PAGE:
– Listing Fee = $0.20c
– Transaction Fee = $0.11c
– VAT (processing) Fee = $0.04c
Breakeven and profit would be made after the sale of two e-cards. Price may need to be adjusted in future for the recurring fees compared to product worth.
Encouraging consumer feedback is crucial in understanding what’s working well and what’s not. How to stimulate consumers to provide online customer reviews becomes a critical issue for the online retailers. “When the review effort is small, it is efficient for the retailer to set a higher rebate value to persuade consumers to share their opinions online, and charge for a higher product price in the first period to extract more profit.” Yang, L and Dong, S (2018)
Advertising and Promotion
– Social Media
Tagging and sharing to increase audience engagement and possibly the purchase of followers to develop a presence on the Instagram platform. Continual posting and Instagram Stories to keep organic followers and new followers.
– Etsy Insights and Marketing Strategies
Etsy provides calculated insights related to your products being sold. Using these key words and tactics will help implement a marketing strategy once there is inventory being sold.
– Breakeven with minimal profit each month for 4 months.
– Increase marketing strategies and profit margins by 30% for the next 3 months
– Gain customer feedback to increase and improve product
– Have at least a 50% click rate leading to purchase
– Evaluate profit margins and consumer feedback to review physical products at the end of 6 months
– Possible copyright laws and infringements
Due to the use of movie posters and movie scenes, it could be infringing on certain copyright laws. Look into how to avoid infringements.
– No sales or engagement
It is possible that Vi Vi Vector could not achieve any profit as there is no market for the products. Overcome by doing further research and possible change of product.
– March 30th New logo
– April 15th Finish target marketing research and background research on chosen products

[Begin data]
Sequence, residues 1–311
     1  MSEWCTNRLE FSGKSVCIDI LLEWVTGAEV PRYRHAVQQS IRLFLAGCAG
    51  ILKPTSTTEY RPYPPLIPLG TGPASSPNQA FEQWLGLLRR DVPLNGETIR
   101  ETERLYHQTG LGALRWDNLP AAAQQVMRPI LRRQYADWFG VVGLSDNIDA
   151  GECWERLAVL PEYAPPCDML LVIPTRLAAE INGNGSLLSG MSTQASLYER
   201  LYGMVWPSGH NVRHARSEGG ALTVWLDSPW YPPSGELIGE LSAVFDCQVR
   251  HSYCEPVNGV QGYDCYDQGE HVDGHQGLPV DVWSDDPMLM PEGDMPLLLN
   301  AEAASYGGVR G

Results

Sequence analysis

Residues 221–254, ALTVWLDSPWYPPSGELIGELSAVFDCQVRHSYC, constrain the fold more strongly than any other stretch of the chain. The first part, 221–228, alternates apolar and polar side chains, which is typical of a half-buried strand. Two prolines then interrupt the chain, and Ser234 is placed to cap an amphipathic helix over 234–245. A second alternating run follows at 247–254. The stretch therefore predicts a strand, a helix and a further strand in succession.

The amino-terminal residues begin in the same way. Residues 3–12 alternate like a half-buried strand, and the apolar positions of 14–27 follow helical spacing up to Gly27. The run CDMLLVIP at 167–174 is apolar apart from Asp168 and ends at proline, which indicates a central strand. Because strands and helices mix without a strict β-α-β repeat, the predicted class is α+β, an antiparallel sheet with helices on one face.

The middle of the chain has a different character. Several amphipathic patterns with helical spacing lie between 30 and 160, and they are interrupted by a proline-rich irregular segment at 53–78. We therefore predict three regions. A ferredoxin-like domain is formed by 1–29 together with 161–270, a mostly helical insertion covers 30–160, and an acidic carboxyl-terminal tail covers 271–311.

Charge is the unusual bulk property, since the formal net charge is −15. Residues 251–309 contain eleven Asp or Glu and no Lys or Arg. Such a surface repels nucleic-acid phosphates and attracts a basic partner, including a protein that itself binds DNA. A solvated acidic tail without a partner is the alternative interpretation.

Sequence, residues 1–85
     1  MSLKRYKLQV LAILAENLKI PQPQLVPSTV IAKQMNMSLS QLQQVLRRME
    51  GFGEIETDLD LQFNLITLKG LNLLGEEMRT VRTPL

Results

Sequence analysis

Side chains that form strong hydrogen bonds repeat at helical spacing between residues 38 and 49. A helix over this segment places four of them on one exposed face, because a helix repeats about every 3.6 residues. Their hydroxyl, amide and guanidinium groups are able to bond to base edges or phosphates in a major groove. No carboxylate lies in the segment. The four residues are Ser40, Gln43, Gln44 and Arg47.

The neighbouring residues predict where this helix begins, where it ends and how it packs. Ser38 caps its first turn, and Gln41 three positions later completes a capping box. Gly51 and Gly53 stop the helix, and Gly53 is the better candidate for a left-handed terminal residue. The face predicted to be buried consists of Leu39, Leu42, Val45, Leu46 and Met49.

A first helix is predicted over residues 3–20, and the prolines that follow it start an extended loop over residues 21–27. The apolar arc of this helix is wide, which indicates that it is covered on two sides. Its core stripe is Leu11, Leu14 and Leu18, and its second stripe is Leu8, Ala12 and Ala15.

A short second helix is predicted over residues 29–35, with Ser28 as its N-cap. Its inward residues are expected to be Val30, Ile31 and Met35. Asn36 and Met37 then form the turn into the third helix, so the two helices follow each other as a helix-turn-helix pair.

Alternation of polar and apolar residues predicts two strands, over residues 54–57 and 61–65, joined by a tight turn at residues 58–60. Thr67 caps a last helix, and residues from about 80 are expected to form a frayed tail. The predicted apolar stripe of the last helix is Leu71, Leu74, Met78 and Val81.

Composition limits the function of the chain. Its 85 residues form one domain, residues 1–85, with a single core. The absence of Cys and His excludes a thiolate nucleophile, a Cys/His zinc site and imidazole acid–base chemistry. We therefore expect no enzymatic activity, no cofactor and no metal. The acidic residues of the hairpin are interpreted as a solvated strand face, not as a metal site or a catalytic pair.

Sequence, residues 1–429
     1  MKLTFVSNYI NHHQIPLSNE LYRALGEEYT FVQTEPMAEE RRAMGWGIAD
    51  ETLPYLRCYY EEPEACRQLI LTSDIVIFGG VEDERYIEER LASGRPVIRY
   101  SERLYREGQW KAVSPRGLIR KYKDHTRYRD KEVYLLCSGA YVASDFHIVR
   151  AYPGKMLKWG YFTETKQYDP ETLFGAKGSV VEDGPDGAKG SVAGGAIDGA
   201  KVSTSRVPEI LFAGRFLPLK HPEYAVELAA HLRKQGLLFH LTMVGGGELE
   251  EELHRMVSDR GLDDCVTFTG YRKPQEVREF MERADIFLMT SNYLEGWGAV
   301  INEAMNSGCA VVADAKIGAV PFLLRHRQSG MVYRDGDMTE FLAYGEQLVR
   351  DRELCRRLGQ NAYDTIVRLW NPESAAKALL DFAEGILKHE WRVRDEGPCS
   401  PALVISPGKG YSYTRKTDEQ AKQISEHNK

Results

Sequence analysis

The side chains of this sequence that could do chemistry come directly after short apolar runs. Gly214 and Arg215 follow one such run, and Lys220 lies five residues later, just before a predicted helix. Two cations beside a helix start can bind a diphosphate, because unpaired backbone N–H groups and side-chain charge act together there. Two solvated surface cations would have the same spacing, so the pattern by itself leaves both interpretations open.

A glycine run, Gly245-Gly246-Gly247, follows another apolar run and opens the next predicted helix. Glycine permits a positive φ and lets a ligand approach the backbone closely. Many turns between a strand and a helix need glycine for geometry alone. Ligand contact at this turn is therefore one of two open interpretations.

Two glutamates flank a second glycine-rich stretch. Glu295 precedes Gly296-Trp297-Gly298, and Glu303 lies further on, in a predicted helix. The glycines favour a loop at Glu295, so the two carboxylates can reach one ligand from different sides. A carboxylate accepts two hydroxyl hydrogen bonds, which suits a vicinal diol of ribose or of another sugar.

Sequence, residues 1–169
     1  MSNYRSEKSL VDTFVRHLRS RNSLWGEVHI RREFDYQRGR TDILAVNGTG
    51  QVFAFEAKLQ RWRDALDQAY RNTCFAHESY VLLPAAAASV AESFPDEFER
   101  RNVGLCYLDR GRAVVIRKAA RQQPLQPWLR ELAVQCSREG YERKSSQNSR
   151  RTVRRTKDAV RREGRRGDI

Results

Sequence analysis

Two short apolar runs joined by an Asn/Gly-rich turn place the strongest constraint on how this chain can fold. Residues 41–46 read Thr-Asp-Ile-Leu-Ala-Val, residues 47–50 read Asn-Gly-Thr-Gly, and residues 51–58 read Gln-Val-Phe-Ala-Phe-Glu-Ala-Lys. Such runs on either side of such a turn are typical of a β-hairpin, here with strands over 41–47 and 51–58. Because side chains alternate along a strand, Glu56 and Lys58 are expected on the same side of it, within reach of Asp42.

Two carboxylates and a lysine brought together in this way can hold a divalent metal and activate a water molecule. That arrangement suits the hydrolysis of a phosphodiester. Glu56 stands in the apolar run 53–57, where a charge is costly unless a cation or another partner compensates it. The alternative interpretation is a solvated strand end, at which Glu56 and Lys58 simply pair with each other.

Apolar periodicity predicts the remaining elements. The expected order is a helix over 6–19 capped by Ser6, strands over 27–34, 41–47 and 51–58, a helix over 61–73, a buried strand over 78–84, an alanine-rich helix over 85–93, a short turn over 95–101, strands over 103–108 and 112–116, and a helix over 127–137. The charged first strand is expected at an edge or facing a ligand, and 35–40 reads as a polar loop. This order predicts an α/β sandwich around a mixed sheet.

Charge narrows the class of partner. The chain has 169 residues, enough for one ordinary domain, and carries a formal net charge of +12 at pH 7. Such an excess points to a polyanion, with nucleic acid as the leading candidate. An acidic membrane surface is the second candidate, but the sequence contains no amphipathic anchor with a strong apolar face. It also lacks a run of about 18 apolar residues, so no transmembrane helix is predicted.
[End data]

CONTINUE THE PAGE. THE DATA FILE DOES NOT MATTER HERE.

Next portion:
– April 29th – Finish design of e-cards
– May 4th Launch of Etsy Store
– May 30th Projected profit
– May 31st Review peer feedback
– June 4th Review sales and products
– July 4th Review sales and products
– July 15th Consumer engagement and feedback
This business plan has been implemented to the best of my ability with more to come in the near future. Vi Vi Vector launched on Etsy on the 4th of May. The decision to only sell e-cards has been stated through the business plan as the costs of physical products (enamel pins, patches and tote bags) were too high for a recently developed small business. Research was completed presenting E-cards as the best option due to the low cost and minimal effort to increase profit. An article released by Forbes explains why e-cards should be on the rise “postal mail rates dropping and the cost of printing and postage rising—not to mention the state of the environment and our limited natural resources—the whole concept of a greeting card printed on paper and sent in the mail no longer works”.
Whilst my business plan had already been completed, peer feedback and public feedback did help altering and adjusting Vi Vi Vector to minimise complications. One piece of peer feedback received from Trang Bùi was incredibly helpful in understanding and avoiding copyright infringements. There is a lot more I need to read up about these laws, however from articles provided by Trang, I was able to add the film’s title and name of director to the bottom corner of each piece. This has the ability to give credit and avoid each piece being taken down and/or fines being distributed, Karapapa, S (2013).
So far for the month of May, Vi Vi Vector has since sold six e-cards, which means it’s past the breakthrough area gaining some profit, even minimal, in return. This helps show that there is a market out there who is interested in what I am producing, which will hopefully gain reviews and feedback in return. This is a promising start to what I hope to be an eventuating business plan that gets to exhibit physical items in the near future.
Yang, L and Dong, S (2018) ‘Rebate strategy to stimulate online customer reviews’, International Journal of Production Economics, 204, pp. 99–107. doi: DOI: 10.1016/j.ijpe.2018.07.032. Accessed 27 March 2019
Karapapa, S (2013), ‘Reconstructing Copyright Exhaustion in the Online World’ I.P.Q. 2014, 4, 307-325. https://ssrn.com/abstract=2862300 Accessed 30th May 2019